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Is avelumab hold the promise of being a breakthrough treatment for gastric cancer?

Gastric cancer develops in the lining of the stomach and is one of the most common gastrointestinal malignancies, worldwide. Most patients are diagnosed at an advanced stage of the disease, which gives them limited treatment options and a dismal prognosis. Thus, the chances of survival can be improved to a certain extent by early detection of gastric cancer and cutting-edge treatment alternatives [1].


How do things stand for gastric cancer?


Despite the advances in diagnostics and therapeutics, the majority of patients are still diagnosed at an advanced stage, and the first-line treatments that are now available have limited efficacy at this stage. Chemotherapy and targeted therapies currently experience bottlenecks, and the median overall survival (OS) is challenging to break out in 2 years. Additionally, the 5-year OS for advanced gastric cancer is only 10-15% globally.


Gastric cancer

Even though the overall 5-year survival rate for advanced stomach cancer remains extremely low, surgery is still the only curative treatment. Additionally, chemoradiation, adjuvant chemotherapy, and perioperative chemotherapy can all enhance clinical outcomes in gastric cancer patients. In recent years, immunotherapy, notably monoclonal antibodies, has emerged as a viable therapeutic agent in gastric cancer. Nivolumab and pembrolizumab are currently recommended as standard third-line therapy in gastric cancer patients [2].


Rationale behind the use of avelumab


Avelumab is a human anti-PD-L1 monoclonal antibody that has received FDA approval for the treatment of metastatic Merkel cell carcinoma and advanced urothelial carcinoma. Avelumab has shown a tolerable safety profile and long-lasting anticancer efficacy in phase I and II studies on a variety of advanced malignancies.


The use of avelumab to treat solid tumors including gastric cancer patients offers certain advantages that are enlisted below:

  • Avelumab blocks the PD-L1/PD-1 interaction and disabling T-cell inhibition and eliminating the suppression of T-cell activity.

  • Avelumab also prevents PD-L1 from interacting with B7.1, a second inhibitory receptor that may be expressed on T-cells and antigen-presenting cells. Avelumab may reactivate T-cells and the release of cytokines by preventing the interaction between B7.1 and PD1 on T-cells and with PD-L1 on antigen-presenting cells in the lymph nodes or tumor microenvironment.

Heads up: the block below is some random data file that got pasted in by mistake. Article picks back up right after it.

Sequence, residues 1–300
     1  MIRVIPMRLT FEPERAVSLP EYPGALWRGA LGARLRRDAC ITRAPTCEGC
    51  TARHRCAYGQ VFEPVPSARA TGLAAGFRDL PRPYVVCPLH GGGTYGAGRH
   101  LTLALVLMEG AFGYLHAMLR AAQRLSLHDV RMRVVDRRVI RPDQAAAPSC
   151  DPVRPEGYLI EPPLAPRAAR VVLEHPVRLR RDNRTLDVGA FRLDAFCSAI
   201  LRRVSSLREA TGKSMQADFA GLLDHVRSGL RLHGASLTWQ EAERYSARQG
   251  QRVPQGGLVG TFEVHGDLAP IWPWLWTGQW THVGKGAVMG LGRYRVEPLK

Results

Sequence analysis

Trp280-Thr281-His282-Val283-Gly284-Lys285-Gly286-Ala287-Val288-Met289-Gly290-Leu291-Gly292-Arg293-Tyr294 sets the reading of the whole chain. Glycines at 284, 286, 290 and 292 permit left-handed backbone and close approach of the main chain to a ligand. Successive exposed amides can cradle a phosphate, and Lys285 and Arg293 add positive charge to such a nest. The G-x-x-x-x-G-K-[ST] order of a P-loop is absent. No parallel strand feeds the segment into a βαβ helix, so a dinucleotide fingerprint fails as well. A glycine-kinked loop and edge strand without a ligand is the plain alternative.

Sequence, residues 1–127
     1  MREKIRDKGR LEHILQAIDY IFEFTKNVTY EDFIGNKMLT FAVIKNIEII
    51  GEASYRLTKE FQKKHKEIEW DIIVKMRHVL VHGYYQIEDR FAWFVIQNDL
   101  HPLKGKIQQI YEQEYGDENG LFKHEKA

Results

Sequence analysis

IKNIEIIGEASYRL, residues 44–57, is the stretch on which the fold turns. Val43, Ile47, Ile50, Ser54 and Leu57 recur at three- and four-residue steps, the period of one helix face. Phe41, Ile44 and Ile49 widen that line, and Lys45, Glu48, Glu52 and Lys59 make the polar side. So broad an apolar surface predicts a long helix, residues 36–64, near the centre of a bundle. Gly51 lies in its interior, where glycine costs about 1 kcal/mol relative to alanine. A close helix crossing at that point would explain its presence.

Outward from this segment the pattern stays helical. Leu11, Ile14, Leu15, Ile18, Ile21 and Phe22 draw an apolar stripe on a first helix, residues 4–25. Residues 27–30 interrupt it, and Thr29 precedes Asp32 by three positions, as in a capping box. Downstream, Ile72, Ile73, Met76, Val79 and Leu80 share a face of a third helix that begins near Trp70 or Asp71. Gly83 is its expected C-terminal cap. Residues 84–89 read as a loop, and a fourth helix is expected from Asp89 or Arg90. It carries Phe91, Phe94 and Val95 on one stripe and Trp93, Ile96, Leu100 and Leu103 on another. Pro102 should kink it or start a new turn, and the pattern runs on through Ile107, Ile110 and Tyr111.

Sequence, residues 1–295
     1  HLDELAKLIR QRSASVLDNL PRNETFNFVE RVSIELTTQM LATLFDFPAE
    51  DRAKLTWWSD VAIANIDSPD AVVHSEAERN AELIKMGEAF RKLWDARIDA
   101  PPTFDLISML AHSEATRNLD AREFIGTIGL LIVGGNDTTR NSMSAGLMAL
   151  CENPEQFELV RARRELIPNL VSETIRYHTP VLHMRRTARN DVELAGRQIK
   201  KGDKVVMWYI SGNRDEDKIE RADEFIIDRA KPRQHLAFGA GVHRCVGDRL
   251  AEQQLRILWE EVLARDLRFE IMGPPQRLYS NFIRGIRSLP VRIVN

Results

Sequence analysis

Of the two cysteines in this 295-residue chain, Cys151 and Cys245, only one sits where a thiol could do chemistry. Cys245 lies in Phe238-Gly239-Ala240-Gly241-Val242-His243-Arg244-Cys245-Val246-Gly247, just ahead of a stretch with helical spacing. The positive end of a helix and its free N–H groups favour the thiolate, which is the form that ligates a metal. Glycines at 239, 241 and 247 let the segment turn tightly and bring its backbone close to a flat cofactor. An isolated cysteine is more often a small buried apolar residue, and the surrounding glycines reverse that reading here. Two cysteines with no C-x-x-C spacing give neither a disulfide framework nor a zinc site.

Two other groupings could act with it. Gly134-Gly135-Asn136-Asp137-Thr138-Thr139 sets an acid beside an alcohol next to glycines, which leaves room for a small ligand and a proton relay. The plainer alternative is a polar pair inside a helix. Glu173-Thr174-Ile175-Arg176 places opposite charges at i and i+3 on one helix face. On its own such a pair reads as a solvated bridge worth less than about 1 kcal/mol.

• Avelumab also maintains the ability to engage natural killer cells with the crystallizable fragment (Fc)-γ receptor to generate tumor-targeted antibody-dependent cell-mediated cytotoxicity in vitro. This is due to its native IgG1 Fc domain.

  • Avelumab is used in ongoing clinical trials because of its ability to boost innate immune interactions against tumor cells [1].


Clinical efficacy of avelumab in gastric cancer?


In light of the fact that avelumab has shown promise in treating gastric cancer in early-phase clinical studies, it is anticipated that it will be investigated in more broad clinical settings. Avelumab would appear to be a potential opportunity for the treatment of gastric cancer as well. Clinical trials are currently being conducted to investigate whether it can improve the extremely poor prognosis of gastric cancer [1].


Avelumab demonstrated persistent anti-tumor effectiveness in a cohort of the phase I JAVELIN Solid Tumor trial (ClinicalTrials.gov identifier: NCT01943461). Avelumab showed acceptable safety in patients with advanced gastric or gastroesophageal junction cancer when used as first-line maintenance or second-line therapy [3].


On the other hand, the randomized phase III JAVELIN Gastric 300 trial (ClinicalTrials.gov identifier: NCT02625623) showed no benefit in terms of improvement in overall survival, progression-free survival, or objective response rate in the avelumab versus chemotherapy arms in patients with advanced gastric or gastroesophageal junction cancer. However, compared to chemotherapy, avelumab had a more tolerable safety profile [4].


Another randomized, Phase III JAVELIN Gastric 100 trial (ClinicalTrials.gov identifier: NCT02625610) did not show that avelumab maintenance therapy compared to continued chemotherapy improved overall survival in patients with advanced gastric or gastroesophageal junction cancer in general or in a predetermined PD-L1-positive population [5].


The whole shebang of avelumab


To determine whether or not checkpoint inhibitors can enhance clinical outcomes for patients with advanced gastric cancer, the outcomes of ongoing clinical trials investigating avelumab and other immunotherapies are highly awaited. Furthermore, accurate predictive biomarkers will be required in the future to assist physicians in determining whether patients respond to checkpoint inhibitors or not. Future studies on the role of tumor burden as a biomarker for predicting immunotherapy effectiveness in gastric cancer may also be useful. More and more monoclonal antibodies are joining the army of advanced therapy for gastric cancer on account of the continual development and advancement of monoclonal antibody clinical research.


References


1. Roviello, G. et al. 'Avelumab in gastric cancer'. Immunotherapy. (2019) 11(9), 759–768. DOI: 10.2217/imt-2019-0011.

2. Chang, X. et al. 'The current management and biomarkers of immunotherapy in advanced gastric cancer'. Medicine (Baltimore). (2022) 101(21), e29304. DOI: 10.1097/MD.0000000000029304.

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